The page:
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Living the “Good Life”: The American Executive and the Mexican Fisherman

Living the “Good Life”: The American Executive and the Mexican Fisherman

Like all magnificent things, it's very simple. ~ Natalie Babbitt, Tuck Everlasting Click To Tweet

An American executive was taking a much-needed vacation in a small village along the coast of Mexico. Early one afternoon, while standing on the pier looking out at the water, a tiny boat with just one fisherman docked. Inside were several large yellowfin tuna. The American complimented the Mexican on the quality of his fish, asking how long it took him to catch them.

“Only a little while,” the Mexican replied.

The executive checked his watch. “It’s still early. Why don’t you stay out longer? You could catch a lot more.”

This is enough,” the Mexican fisherman said, tying up the boat and beginning to get his gear together. “The fish aren’t going anywhere.”

“But what do you do with the rest of your time?”

“Well,” the Mexican replied, pausing for a moment, “I sleep late, fish a little, play with my children, take a siesta with my wife and stroll into the village every evening, where I sip wine and play guitar with my friends.”

“Listen,” The American said, “You’re obviously quite good at catching fish. I’m a Harvard MBA and I can really help you take this somewhere. The more time you spend out there fishing, the sooner you’ll be able to buy a bigger boat with far more accessories, and the ability to harvest 10 times the fish you’re catching now. After that, with the proceeds from that bigger boat, you could buy another, until you eventually own an entire fleet. Instead of selling your catch to a middleman you could sell directly to the consumers, opening your own canning factory after a time. You would control the product, processing and distribution. The only thing is, you’d need to leave the village here and move to Mexico City. Eventually you could even find yourself in LA or New York, the CEO of a major corporation!”

The Mexican fisherman eyed the Northerner carefully. “And how long will all this take?”

“Twenty to twenty-five years, give or take.”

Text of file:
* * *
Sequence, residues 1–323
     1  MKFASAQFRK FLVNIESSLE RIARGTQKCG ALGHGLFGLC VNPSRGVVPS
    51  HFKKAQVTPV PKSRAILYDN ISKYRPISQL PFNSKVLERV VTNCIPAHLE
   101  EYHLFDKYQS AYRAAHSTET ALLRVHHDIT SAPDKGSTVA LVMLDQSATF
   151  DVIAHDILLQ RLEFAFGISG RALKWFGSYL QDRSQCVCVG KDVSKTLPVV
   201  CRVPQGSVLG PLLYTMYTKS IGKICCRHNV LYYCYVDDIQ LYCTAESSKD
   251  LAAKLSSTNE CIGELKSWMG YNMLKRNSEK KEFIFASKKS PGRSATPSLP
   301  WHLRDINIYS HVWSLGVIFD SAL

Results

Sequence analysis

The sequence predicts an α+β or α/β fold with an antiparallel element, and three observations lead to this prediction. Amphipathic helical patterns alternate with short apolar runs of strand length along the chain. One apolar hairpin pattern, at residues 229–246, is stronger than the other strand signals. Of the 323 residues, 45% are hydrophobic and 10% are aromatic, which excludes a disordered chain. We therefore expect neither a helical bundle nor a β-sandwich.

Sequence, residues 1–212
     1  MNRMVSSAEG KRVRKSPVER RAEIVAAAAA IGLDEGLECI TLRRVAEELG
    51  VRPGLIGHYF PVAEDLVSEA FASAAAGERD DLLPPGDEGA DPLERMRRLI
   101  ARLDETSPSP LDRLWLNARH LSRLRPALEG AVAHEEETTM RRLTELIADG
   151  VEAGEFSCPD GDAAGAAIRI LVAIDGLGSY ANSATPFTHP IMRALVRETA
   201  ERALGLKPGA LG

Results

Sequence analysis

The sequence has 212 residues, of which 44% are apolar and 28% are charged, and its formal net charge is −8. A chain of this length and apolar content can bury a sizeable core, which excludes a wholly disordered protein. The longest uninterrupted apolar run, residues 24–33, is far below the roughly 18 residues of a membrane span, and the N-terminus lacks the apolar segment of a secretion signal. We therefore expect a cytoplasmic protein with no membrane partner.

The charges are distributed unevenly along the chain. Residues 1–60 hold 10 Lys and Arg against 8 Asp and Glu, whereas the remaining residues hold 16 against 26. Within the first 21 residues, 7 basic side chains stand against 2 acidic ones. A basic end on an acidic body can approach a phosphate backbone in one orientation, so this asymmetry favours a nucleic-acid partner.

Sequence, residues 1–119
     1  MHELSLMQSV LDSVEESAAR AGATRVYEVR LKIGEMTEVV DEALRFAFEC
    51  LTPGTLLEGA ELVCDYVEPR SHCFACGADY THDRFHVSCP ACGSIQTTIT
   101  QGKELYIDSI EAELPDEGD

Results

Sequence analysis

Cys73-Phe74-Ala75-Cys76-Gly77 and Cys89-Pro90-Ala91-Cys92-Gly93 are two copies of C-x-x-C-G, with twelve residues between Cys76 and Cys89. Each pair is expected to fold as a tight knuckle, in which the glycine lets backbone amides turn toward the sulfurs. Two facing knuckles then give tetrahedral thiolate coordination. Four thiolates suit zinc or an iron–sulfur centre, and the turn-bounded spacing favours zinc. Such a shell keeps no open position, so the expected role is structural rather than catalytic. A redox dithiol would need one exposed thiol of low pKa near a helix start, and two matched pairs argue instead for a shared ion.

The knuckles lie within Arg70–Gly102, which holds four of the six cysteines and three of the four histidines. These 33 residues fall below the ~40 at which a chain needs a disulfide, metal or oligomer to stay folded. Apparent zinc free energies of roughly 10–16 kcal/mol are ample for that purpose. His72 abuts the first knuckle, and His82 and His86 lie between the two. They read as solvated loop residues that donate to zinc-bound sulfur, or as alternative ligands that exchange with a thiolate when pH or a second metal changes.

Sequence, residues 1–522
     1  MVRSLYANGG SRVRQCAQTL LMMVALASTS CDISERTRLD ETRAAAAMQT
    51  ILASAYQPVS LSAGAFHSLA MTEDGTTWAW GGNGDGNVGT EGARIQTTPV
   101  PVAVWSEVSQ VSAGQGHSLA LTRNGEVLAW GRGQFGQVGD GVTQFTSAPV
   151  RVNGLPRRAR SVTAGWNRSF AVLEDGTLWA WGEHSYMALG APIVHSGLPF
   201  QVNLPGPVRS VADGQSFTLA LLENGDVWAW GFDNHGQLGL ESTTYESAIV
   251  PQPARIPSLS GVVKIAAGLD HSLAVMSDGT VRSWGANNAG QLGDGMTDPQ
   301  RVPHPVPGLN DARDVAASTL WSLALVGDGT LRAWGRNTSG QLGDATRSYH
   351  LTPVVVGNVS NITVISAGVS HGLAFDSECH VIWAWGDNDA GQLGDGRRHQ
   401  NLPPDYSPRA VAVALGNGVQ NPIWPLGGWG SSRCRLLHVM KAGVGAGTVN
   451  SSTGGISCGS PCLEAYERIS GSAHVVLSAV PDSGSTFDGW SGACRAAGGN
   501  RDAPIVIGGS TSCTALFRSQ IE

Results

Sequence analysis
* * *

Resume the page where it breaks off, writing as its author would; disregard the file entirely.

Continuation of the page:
“But… what then?”

The American laughed and said, “That’s the best part. When the time is right you’d announce an IPO — what we call an ‘Initial Public Offering’ — selling your company stock to the public and becoming very rich in the process. You’d make millions.”

“And then… ?”

The American looked around. “Well, then you’d be totally financially sound. You could retire in peace, moving back here — or to another beautiful village like this one. You could sleep late… fish a little… visit with your children…” he slowed, the echo of the fisherman’s words only minutes prior ringing in his head. He looked back to find the other man staring on quizzically, but earnestly.  “…you could …take a siesta with your wife…” now the salesman’s voice trailed off completely, his arms dropping to his sides. A slight breeze passed over the docks and rustled their clothes and hair, seagulls crying and circling in the distance. The fisherman’s boat knocked softly against the dock in the lapping water of early morning, and the two of them stood, silent in the sun, staring at one another. 

Source Notes / Commentary

Originally penned as “Anekdote zur Senkung der Arbeitsmoral,” (“Anecdote Concerning the Lowering of Productivity”) by Germany’s premiere post WWII writer Heinrich Böll, this classic tale has been told and retold across cultures, appearing in print and online in various forms. This is our version.

As with the majority of the content found in our Anecdotes and Traditional Tales archives, we have fleshed out the body while leaving the heart intact. Thus the ‘moral’ at the center of this tale, if one could call it that, remains as open to misinterpretation as it ever was. There are few, if any, basic black & whites in this universe. Money is not one of them. Our personal experience of abundance, however, may very well be, and that’s the true seed folded into the riddle of this deceptively simple story: time